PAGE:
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The hard work’s paying off, health report shows

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A new report shows locals are getting healthier.

According to the Australian Institute of Health and Welfare (AIHW) as a nation we have gained 5 million years of healthy life by reducing our risk of dying prematurely from disease and injury.

By reducing our leading risk factors like tobacco use, being overweight and having high blood pressure, Australians are prolonging their life expectancy.

The report entitled Australian Burden of Disease Study 2018 measures the number of years living with an illness or injury (the non-fatal burden) or lost through dying prematurely (the fatal burden).

AIHW spokesperson Richard Juckes says the study focused on five disease groups that caused the most burden; cancer, musculoskeletal conditions, cardiovascular diseases, mental and substance use disorders and injuries.

“In 2018, Australians lost five million years of healthy life due to living with, or dying prematurely from, disease and injury.”

Illness and injury, Mr Juckes says, accounted for 52% of total burden, with dying prematurely making up 48%. 

“After accounting for the increase in size and ageing of the population, over the 15 years to 2018, the total burden of disease decreased by 13%.”

The majority of these gains, he says, are attributed to a 24% decline in premature dying.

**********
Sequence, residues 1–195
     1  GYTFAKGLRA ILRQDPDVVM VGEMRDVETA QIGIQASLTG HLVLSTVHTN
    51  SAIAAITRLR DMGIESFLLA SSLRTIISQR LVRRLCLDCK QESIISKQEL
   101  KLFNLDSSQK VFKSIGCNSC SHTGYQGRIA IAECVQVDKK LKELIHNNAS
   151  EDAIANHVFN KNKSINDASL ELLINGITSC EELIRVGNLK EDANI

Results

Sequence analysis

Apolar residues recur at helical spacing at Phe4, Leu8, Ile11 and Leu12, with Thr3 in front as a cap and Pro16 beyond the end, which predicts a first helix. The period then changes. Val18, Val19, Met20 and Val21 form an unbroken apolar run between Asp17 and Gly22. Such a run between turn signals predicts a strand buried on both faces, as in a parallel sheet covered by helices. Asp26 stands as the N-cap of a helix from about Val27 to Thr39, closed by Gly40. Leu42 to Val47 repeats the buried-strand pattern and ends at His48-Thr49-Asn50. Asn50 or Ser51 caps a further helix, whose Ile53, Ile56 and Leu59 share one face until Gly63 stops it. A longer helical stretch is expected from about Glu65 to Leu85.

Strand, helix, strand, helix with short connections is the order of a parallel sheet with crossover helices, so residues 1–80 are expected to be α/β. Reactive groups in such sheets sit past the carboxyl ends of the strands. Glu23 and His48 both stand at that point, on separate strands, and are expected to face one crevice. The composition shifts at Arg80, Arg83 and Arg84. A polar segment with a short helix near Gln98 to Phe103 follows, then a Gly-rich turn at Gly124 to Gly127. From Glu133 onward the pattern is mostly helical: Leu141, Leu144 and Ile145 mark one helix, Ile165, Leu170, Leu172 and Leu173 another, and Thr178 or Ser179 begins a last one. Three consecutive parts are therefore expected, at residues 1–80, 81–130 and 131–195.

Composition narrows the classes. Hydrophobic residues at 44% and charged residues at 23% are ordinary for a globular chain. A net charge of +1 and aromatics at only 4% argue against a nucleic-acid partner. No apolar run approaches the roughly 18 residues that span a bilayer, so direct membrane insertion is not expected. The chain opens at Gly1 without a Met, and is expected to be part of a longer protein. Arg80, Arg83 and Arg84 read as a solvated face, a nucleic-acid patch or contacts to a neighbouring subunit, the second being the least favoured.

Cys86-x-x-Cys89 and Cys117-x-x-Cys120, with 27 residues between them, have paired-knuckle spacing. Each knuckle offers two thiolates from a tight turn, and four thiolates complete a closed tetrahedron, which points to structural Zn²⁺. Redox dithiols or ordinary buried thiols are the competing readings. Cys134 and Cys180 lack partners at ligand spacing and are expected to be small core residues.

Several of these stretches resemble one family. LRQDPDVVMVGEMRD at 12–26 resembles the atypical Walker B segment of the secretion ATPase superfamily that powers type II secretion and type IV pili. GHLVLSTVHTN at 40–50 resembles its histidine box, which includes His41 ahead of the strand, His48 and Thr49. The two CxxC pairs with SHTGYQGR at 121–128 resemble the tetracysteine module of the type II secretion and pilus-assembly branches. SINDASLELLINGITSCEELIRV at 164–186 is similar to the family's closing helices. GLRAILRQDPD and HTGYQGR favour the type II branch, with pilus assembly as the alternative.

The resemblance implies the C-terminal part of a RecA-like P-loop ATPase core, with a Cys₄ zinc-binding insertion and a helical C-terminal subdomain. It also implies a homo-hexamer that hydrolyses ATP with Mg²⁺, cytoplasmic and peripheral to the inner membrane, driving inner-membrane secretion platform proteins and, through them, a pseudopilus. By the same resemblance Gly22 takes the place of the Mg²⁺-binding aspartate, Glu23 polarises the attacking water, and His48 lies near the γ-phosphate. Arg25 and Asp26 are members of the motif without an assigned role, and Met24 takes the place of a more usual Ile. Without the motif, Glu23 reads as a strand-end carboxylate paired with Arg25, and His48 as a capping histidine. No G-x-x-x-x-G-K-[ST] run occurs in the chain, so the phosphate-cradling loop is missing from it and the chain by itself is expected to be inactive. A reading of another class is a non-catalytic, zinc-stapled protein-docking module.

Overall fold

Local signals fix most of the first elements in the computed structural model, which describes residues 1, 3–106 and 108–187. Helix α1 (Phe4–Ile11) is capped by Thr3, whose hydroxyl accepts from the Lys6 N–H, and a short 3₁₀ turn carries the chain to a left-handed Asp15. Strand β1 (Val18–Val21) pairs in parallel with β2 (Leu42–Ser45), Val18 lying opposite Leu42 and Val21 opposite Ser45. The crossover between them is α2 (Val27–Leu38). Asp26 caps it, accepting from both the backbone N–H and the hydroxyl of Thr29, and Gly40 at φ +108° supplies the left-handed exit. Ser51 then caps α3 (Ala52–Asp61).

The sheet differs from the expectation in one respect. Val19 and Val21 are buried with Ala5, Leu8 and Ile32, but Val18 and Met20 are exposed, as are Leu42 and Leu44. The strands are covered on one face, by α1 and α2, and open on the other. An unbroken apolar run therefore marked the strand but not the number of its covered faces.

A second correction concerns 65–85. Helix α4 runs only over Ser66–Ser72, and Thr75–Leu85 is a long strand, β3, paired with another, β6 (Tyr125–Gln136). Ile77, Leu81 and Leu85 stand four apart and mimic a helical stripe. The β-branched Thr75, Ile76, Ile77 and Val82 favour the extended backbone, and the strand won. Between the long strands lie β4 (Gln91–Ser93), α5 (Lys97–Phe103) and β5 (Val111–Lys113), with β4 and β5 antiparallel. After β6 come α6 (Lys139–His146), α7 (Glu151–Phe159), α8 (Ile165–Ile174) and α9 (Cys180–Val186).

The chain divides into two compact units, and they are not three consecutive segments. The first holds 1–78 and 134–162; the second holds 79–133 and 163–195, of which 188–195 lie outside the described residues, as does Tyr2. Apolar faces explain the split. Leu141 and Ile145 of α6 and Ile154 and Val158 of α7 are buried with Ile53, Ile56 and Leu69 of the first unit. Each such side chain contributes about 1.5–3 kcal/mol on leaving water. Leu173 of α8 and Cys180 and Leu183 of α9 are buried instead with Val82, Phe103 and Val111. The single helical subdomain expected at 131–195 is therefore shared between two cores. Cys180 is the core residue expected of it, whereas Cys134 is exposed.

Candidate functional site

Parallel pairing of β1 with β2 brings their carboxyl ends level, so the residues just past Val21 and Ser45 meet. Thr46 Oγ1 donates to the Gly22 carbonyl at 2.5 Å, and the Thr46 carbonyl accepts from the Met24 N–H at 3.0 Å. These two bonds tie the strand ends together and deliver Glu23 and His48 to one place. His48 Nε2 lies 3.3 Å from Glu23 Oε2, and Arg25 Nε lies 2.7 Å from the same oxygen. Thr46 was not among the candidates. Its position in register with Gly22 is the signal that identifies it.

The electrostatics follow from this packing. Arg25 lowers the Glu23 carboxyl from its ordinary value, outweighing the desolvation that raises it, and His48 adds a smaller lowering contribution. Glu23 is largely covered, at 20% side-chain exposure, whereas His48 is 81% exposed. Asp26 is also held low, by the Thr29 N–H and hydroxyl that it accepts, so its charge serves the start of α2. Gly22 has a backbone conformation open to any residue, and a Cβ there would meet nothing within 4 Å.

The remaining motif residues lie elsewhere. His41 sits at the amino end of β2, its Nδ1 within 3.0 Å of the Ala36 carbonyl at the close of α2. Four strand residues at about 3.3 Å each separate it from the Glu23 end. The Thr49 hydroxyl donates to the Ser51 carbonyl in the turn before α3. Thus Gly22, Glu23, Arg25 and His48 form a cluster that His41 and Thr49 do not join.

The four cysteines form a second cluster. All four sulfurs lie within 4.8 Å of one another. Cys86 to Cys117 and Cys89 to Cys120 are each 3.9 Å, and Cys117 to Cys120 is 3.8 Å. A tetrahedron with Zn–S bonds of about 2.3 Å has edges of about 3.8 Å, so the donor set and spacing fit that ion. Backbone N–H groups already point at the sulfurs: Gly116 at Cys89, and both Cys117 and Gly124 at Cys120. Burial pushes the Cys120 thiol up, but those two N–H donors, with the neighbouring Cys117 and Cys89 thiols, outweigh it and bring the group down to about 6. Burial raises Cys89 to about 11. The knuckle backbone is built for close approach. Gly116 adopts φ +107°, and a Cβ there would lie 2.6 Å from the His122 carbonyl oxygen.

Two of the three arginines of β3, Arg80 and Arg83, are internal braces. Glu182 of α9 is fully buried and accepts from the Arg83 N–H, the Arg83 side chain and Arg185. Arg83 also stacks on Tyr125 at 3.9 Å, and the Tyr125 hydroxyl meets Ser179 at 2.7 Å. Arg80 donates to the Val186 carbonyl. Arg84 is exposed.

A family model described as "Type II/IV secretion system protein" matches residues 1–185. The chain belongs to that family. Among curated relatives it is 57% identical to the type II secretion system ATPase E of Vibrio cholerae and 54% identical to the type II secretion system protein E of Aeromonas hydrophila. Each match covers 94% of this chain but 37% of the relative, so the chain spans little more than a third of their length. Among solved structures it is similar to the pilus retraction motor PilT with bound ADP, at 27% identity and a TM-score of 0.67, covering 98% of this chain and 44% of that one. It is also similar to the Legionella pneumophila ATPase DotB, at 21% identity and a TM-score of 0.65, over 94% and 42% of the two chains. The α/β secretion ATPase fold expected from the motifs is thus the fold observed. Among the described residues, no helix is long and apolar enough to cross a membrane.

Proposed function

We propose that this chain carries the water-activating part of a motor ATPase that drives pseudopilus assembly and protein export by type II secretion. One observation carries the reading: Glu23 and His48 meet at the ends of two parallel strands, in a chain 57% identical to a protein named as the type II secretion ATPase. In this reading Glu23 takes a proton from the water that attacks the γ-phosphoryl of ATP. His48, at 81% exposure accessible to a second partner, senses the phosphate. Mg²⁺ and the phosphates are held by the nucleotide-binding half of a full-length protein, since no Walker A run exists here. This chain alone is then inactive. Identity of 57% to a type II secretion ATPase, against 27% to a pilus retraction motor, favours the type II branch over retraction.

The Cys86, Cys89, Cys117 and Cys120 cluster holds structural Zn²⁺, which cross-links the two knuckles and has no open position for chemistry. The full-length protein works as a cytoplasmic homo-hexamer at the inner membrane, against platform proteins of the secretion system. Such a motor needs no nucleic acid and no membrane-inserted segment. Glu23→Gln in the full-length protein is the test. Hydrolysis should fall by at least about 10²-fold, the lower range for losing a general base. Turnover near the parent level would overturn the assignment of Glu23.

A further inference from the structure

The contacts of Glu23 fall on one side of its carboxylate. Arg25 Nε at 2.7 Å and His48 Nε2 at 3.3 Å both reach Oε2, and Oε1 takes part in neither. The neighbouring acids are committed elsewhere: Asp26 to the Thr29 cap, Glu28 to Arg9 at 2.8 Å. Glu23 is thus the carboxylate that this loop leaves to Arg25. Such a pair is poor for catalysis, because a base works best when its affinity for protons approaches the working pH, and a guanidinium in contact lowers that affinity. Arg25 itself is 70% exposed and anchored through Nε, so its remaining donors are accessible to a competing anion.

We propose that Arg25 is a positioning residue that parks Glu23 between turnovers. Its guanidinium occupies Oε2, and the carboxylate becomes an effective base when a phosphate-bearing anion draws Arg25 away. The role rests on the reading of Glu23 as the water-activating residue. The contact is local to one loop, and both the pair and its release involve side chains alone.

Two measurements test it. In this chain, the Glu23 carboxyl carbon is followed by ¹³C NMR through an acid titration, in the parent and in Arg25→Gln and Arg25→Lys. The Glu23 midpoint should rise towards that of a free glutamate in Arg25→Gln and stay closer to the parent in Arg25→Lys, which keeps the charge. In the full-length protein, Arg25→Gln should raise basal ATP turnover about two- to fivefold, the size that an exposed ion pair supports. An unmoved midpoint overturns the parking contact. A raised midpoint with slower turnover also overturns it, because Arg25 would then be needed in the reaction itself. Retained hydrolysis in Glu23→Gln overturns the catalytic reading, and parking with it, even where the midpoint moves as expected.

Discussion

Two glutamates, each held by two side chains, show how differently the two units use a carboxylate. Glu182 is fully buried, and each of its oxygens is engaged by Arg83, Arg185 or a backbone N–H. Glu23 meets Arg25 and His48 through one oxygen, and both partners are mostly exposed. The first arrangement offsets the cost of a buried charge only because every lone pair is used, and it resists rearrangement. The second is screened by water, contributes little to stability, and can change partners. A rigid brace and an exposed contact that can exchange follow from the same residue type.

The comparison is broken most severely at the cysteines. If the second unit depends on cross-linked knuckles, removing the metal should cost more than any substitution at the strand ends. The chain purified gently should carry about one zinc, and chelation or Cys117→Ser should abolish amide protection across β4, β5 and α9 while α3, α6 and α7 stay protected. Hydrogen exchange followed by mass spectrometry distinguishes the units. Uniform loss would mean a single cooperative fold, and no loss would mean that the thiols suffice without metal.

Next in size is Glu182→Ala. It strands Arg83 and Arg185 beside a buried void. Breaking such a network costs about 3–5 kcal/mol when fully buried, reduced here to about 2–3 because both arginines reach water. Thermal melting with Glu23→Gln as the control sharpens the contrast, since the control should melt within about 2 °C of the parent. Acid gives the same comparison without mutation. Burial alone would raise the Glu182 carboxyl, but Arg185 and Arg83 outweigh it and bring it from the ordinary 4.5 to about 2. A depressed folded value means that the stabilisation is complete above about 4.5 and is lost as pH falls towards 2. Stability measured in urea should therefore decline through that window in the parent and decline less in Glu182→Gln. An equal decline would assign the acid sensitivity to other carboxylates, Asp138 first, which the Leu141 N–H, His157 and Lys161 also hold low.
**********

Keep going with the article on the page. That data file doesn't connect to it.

“Of the five million years of healthy life lost, 1.9 million (38%) of these were potentially preventable by reducing exposure to the risk factors included in the study,” he said.

Overall, tobacco use contributed the most burden of all risk factors at 8.6%, followed by overweight (including obesity) (8.4%), dietary risks (5.4%), high blood pressure (5.1%), and alcohol use (4.5%).

Tobacco use was the leading risk factor for both males and females, contributing to almost 20,500 deaths (13% of all deaths) in 2018. 

Overweight (including obesity) was the highest contributor to non-fatal burden.

Due to declines in smoking prevalence and associated diseases, the gap in total disease burden due to tobacco use and overweight has been narrowing over time.

Location also plays a vital role in an Australian’s overall life expectancy.

“People living in the highest socioeconomic areas lived more years in full health, without disease or injury, compared to those in the lowest socioeconomic areas,” Mr. Juckes said.

“Additionally, those living in remote and very remote areas experience 40% higher burden compared to those in major cities.”

The AIHW are quick to point out that the report predates the COVID-19 pandemic.

Detailed findings from the Australian Burden of Disease Study 2018, and a report detailing the burden of disease experienced by Aboriginal and Torres Strait Islander people are planned for release in late 2021.

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